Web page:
A New Way to Preserve and Restore Brain Health
All of us age, and as we do, myelin, the protective covering around the nerve cells in our brain, starts to deteriorate. This is like losing the insulation around an electrical wire. It causes nerve impulses to slow or even stop, and affects a range of bodily functions from thinking, memory, and behavior to balance and coordination. But this does not have to be the case.
Neuroscientists use the term “environmental enrichment” to describe how physical and social surroundings coupled with exercise and learning stimulate the brain to protect itself against decline and injury. This can be as simple as casual exercise and creative thought, activities like walking in nature or daydreaming.
Environmental enrichment is critical for brain development from the moment of conception and especially from birth onward, but we also need it to keep our brains in working order throughout our lives. Enrichment prompts the brain to add synapses and build branches on brain cells, encourages new blood vessel growth, improves energy transfer, and builds a thicker cortex—the cerebral powerhouses that are the seat of our consciousness and intelligence. Importantly, environmental enrichment also promotes myelination, an essential aspect of cognition, learning and brain health. The nutritive functions enrichment provides can also help ameliorate the brain injury that occurs in neurodegenerative diseases, such as multiple sclerosis, Alzheimer’s disease, and brain trauma.
How do these outside influences work inside our bodies? That’s important to understand, as “prescribing” environmental enrichment as a treatment is tricky, requiring constant discipline (especially in this moment of enforced “social distancing!”). Enrichment is especially difficult for patients who are already distracted by intense pain, as those who suffer from migraines—headaches so debilitating they can cause nausea, difficulty speaking, numbness or tingling, and sensitivity to light and sound.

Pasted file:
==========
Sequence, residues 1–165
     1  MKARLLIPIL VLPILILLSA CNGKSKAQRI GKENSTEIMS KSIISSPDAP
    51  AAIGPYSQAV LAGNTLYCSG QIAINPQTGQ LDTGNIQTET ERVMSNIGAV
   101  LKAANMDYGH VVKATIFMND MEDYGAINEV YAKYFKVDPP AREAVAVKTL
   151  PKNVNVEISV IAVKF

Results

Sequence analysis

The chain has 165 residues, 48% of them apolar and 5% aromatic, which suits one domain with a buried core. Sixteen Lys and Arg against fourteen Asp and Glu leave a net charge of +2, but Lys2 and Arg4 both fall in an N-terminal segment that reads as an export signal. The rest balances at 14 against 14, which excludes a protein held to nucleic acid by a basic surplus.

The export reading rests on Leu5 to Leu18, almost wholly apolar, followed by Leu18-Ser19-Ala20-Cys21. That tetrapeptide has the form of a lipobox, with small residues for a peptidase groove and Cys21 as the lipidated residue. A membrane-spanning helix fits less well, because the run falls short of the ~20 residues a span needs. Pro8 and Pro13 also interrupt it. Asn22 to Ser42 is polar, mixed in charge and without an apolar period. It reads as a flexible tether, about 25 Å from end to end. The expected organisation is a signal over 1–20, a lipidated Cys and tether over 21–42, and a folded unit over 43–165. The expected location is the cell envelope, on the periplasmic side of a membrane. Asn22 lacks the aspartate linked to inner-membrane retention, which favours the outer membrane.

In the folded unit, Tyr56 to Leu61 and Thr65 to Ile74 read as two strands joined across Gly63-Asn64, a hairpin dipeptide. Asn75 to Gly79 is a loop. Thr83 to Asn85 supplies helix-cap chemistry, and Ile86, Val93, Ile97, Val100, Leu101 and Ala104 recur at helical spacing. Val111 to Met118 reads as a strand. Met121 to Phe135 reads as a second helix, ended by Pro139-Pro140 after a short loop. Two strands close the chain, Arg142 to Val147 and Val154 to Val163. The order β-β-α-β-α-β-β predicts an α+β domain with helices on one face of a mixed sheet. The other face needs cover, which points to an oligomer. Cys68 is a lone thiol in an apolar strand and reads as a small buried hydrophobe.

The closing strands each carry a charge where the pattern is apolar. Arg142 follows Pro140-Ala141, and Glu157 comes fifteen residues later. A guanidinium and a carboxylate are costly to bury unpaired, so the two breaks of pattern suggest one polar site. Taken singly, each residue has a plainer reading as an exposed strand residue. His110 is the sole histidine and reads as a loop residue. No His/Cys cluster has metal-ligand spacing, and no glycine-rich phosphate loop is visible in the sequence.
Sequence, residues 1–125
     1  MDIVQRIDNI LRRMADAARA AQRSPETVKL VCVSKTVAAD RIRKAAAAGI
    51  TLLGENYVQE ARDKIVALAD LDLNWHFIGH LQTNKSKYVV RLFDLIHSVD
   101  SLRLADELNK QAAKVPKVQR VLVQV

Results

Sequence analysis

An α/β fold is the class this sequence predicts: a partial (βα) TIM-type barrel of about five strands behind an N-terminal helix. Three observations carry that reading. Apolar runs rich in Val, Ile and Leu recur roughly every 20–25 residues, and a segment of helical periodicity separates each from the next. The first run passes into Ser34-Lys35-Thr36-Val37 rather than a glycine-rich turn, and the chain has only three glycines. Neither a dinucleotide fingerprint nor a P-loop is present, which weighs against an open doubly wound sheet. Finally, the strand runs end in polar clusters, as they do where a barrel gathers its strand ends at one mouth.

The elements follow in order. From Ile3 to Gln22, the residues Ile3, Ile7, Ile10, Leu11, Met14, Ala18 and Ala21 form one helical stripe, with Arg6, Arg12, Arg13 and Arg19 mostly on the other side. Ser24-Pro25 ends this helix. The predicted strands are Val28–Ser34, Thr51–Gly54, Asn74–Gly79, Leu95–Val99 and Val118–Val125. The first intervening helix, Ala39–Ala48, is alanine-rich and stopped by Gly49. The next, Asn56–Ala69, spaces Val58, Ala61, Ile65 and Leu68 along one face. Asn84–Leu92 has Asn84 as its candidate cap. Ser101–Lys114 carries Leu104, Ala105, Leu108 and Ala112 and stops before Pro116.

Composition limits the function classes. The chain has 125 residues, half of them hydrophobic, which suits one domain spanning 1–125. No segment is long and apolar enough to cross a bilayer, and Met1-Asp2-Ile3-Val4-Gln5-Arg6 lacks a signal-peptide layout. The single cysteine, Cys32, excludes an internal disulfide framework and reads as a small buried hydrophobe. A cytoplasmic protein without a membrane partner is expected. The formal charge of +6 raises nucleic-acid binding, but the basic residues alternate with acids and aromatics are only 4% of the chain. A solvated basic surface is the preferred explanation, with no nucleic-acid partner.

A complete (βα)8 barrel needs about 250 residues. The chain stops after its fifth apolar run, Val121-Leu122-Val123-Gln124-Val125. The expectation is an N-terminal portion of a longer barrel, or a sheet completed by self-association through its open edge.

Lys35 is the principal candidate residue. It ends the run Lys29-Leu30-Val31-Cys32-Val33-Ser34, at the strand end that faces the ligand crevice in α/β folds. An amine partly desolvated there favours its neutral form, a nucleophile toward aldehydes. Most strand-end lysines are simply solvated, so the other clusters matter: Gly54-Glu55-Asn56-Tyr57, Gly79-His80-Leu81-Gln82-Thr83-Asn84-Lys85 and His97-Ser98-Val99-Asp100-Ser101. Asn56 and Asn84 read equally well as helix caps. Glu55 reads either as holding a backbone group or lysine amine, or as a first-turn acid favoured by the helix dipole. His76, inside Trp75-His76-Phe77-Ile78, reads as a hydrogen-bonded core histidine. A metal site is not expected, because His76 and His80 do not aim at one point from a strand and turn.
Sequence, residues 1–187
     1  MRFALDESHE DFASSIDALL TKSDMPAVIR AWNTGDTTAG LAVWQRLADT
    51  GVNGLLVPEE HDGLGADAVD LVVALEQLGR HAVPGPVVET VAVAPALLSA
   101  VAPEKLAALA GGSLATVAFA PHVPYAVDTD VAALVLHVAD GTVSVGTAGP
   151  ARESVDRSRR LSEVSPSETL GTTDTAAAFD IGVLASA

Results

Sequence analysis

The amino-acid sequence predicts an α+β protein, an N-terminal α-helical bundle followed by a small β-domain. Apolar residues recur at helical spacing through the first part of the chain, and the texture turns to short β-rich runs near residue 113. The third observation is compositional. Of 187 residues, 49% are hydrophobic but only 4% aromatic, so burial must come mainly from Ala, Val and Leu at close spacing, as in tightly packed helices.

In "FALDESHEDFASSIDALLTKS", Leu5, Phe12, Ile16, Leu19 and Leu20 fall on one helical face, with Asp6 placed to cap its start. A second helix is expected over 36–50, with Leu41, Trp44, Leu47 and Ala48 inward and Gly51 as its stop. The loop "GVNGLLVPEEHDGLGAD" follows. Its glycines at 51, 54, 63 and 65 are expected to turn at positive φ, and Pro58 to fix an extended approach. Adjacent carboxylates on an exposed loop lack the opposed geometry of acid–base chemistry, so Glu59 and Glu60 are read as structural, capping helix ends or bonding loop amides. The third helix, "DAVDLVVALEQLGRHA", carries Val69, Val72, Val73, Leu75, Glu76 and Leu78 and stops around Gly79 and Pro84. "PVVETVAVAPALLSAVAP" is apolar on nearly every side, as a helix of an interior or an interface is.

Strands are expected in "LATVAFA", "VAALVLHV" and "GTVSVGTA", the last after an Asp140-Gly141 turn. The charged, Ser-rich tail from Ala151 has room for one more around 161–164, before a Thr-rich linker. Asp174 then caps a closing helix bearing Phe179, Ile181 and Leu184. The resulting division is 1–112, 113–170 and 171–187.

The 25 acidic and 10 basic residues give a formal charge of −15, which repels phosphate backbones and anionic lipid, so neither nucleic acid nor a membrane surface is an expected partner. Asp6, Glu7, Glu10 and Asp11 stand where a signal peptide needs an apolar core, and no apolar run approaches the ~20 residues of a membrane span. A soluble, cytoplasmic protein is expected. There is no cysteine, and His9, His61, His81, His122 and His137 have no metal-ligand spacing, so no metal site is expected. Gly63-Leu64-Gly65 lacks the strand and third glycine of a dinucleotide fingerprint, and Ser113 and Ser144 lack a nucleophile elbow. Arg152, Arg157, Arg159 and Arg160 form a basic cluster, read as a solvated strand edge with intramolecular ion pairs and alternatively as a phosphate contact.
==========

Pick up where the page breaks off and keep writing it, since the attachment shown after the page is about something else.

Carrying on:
Richard Kraig, MD, PhD, has spent his career studying and treating neurological conditions. He’s especially interested in understanding the basis of environmental enrichment and how to leverage its benefits to develop novel neurotherapeutics.
Working with neuroscientists Aya Pusic, PhD, Kae Pusic, PhD, (Yes, they are sisters!) and Lisa Won, PhD, the Kraig lab has detailed over the last several years the mechanisms by which environmental enrichment work in the body. They found that enrichment actually causes the release of certain type of exosomes, little fatty packets of mRNA, miRNA, and proteins.
For years, scientists had regarded exosomes as little more than tiny trash bags, exporting material from the cells. More recently, Kraig and his team are learning how exosomes ferry important proteins and genetic information between cells, sometimes cells quite distant from one another.
Kraig’s team applied the specific exosomes they had identified to both cultured brain tissue and live animals. They found these exosomes increased baseline levels of myelin and restored levels of myelin after injury from multiple sclerosis.
The team went on to show that they could generate these same exosomes by stimulating certain immune cells with low levels of interferon gamma, and that the exosomes were also effective against spreading depression, a model of migraine—offering the basis for a potential new therapy for migraines as well as neurodegenerative disorders that affect myelin.
Since these nutritive exosomes can cross the blood brain barrier after intravenous treatment or even be delivered to the brain via a nasal spray, they offer promise in treating many neurological conditions. Learning how to manipulate the contents of these little packets may one day allow physicians to deliver targeted therapies to the brain for many conditions—offering a breakthrough natural treatment to restore brain health.
Elise Wachspress is a senior communications strategist for University of Chicago Medicine & Biological Sciences Development.